A childhood favorite gets a makeover by infusing the candy with bold flavors and cutting them into sleek squares.
Coconut and Grapefruit Gumdrops
Nonstick cooking spray
cuplight-colored corn syrup
cupunsweetened coconut milk
1 3/4ouncepackagepowdered fruit pectin
Coconut Sugar, recipe below
1.Line a 8x4x2-inch loaf pan with foil, extending foil over edges of the pan. Spray foil with nonstick cooking spray; set aside.
2.In a 1-1/2-quart heavy saucepan combine the 1 cup sugar and the corn syrup. Cook over medium-high heat to boiling, stirring constantly with a wooden spoon for 3 minutes to dissolve sugar. Avoid splashing mixture on sides of pan (see How to Avoid Gritty Candy, below). Carefully clip candy thermometer to side of pan.
3.Cook over medium heat (mixture should boil at a moderate, steady rate over the entire surface), stirring occasionally, until the thermometer registers 280 degree F, (soft-crack stage) about 7 minutes.
4.Meanwhile, in a heavy 2-quart saucepan combine coconut milk, water, pectin, and baking soda. (Mixture will be foamy.) Bring to boiling over medium heat, stirring constantly. This should take about 2 minutes. Remove saucepan from heat; set saucepan aside.
5.When sugar mixture in first saucepan has reached soft-crack stage, remove the saucepan from heat; remove candy thermometer. Return pectin mixture to boiling. Gradually pour the hot sugar mixture in a thin stream into the boiling pectin mixture, stirring constantly (this step should take 1 to 2 minutes). Cook, stirring constantly, 1 minute more.
6.Remove saucepan from heat. Pour candy mixture into prepared pan. Let stand about 2 hours or until firm.
7.When firm, use foil to lift candy out of pan. Use a wet knife to cut candy into about 3/4-inch squares. Roll squares in Coconut Sugar. Store loosely covered. Makes about 45 pieces.
Pink Grapefruit Gumdrops:
Prepare as directed above except omit the coconut milk and the 1/4 cup water. Replace with 3/4 cup ruby red grapefruit juice. After combining both mixtures, stir in 1/2 teaspoon grated grapefruit peel. Tint with one drop of red food coloring. Roll in Coconut Sugar, as directed.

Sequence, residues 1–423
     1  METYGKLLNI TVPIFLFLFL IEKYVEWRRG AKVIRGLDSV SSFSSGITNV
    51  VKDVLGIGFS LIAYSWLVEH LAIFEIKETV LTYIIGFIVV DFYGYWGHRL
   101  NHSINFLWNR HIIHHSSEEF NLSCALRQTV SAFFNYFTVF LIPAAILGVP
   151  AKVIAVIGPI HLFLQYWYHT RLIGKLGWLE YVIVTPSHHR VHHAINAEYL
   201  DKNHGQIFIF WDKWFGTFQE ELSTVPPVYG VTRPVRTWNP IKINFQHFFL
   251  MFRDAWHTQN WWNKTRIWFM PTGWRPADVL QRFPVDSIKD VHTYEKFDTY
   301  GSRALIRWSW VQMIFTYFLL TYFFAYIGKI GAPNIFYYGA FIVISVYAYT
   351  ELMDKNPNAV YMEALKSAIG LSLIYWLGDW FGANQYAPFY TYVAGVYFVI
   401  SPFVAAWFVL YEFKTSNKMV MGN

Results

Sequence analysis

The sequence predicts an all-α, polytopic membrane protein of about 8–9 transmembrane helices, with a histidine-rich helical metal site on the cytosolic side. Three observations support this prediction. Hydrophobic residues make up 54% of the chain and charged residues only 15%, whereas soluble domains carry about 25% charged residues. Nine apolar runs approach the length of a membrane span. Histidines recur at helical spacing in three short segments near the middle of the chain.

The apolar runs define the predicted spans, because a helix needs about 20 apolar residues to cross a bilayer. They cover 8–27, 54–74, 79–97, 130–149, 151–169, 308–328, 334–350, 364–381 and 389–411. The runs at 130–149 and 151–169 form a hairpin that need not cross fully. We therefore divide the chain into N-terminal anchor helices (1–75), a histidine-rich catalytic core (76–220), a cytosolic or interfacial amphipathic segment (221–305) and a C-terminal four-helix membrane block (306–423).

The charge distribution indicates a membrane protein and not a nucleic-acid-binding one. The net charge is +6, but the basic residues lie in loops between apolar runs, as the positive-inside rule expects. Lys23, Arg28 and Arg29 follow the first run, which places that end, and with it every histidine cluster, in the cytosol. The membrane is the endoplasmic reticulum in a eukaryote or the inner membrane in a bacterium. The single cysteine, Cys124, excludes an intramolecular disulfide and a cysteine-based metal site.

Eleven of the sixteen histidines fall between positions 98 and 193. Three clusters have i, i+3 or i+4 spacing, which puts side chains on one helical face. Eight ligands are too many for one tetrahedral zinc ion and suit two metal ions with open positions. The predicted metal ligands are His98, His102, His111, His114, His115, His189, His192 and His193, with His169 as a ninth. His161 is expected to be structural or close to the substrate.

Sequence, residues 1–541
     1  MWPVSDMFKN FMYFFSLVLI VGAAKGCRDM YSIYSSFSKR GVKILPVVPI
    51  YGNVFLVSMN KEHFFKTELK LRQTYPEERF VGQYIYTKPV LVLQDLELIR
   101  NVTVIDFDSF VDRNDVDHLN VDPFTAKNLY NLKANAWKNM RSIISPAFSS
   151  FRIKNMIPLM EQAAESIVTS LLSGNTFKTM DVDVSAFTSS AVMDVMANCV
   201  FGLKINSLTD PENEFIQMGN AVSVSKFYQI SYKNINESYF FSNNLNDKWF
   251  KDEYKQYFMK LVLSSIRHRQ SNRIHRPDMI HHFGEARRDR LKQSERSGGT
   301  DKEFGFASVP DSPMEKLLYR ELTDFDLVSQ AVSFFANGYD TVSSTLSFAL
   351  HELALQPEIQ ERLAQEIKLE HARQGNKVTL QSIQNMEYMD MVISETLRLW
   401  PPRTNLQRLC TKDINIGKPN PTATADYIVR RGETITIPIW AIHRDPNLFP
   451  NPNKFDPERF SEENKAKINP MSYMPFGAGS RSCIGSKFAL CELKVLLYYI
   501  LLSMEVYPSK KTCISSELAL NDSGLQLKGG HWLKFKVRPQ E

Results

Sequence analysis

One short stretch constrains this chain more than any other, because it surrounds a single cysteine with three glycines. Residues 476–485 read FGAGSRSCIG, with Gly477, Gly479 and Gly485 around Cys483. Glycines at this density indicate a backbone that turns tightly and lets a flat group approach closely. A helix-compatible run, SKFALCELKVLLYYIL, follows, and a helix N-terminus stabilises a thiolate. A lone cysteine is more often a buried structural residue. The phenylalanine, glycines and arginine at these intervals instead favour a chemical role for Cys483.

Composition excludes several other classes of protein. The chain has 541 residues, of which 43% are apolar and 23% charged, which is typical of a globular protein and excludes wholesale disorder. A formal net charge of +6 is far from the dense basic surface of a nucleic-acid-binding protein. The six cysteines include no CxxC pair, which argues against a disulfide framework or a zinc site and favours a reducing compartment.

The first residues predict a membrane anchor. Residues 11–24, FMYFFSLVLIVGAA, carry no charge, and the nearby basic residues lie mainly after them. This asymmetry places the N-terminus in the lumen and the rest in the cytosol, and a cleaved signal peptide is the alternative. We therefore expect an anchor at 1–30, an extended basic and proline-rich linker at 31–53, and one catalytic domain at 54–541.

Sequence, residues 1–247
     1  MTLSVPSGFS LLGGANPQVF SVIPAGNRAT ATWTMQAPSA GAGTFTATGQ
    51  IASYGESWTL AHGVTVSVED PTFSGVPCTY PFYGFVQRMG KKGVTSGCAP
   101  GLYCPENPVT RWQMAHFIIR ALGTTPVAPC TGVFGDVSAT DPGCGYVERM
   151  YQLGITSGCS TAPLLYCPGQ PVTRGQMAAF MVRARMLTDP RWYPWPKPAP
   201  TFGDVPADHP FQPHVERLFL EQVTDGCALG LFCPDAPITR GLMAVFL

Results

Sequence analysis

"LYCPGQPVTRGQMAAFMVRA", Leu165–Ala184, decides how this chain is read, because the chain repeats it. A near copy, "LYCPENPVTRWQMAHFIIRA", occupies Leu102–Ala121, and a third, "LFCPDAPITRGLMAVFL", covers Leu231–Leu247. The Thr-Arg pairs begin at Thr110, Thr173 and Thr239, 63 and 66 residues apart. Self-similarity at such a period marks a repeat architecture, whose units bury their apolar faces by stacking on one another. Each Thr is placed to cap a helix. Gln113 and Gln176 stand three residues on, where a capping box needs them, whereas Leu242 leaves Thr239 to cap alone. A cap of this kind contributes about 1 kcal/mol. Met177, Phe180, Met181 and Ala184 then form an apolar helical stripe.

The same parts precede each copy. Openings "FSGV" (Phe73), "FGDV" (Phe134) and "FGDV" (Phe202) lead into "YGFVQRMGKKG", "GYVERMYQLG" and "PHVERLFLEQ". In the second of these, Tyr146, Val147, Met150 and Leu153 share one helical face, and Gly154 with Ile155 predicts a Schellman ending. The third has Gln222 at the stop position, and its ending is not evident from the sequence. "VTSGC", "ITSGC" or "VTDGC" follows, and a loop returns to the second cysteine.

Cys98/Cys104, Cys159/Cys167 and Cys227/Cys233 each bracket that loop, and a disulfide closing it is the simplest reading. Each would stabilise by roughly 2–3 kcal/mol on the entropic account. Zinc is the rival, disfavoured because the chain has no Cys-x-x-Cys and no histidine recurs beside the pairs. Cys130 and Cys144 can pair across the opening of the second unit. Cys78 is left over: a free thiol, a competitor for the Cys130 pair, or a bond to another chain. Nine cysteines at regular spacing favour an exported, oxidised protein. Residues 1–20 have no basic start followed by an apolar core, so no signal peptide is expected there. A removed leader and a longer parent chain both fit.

Yield: 1/2 cup
1.Place 1/2 cup toasted coconut in a food processor. Cover and process until very finely ground. Add 1/4 cup granulated sugar. Store in an airtight container. Makes 1/2 cup.
The annual Harbin International Ice and Snow Sculpture Festival has been held since 1963. It had been interrupted for a number of years during the Cultural Revolution, until it was resumed in 1985.
Harbin, the capital of Heilonjiang province of China, it is one of the main sources of ice and snow culture in the world. Geographically, it is located in Northeast China under the direct influence of the cold winter wind from Siberia. The average temperature in summer is 21.2 degrees Celsius, -16.8 degrees Celsius in the winter. It can be as cold as -38.1 degrees Celsius in the winter.
Niagra falls sculpture
The festival lasts the whole month. However the exhibits often open earlier and stay longer, weather permitting. Ice sculpture decoration technology ranges from the modern (using lasers) to traditional (with ice lanterns). There are ice lantern park touring activities held in many parks throughout the city. Winter activities in the festival include Yabuli alpine skiing, winter swimming in the Songhua River, and the ice lantern exhibition in Zhaolin Garden.
The Harbin festival is one of the world's four largest ice and snow festivals, along with Japan's SapporoSnow Festival, Canada's Quebec City Winter Carnival, and Norway's Ski Festival.
The 2007 festival featured a Canadian theme, in memoriam of Canadian doctor Norman Bethune. It was also a Guinness Record of the largest snow sculpture: over 500 feet long and 28 feet high, using over 13,000 cubic meters of snow. The composition consisted of two parts: "Niagara Falls" and "Crossing theBering Strait" (the latter depicting the migrations of the First Nations).
Swing saws are used to carve ice into blocks, taken from the frozen surface of the Songhua River. Chisels, ice picks and various types of saws are then are used by the ice sculptors to carve out large scaled ice sculptures, many of them intricately designed and worked on all day and night prior to the commencement of the festival. Deionized water can also be used, producing ice blocks as transparent as glass to make clear sculptures rather than translucent ones. Multicolored lights are also used to give color to the ice, creating variations on sculptured spectacles when lit up especially at night. Some ice sculptures made in previous years include: buildings and monuments of different architectural types and styles. Figures include animals, people and mythical creatures,there is also some slippery dips, ice slides and lanterns. Apart from winter recreational activities available in Harbin, these exquisitely detailed, mass produced ice sculptures are the main draw in attracting tourists from around the world to the festival.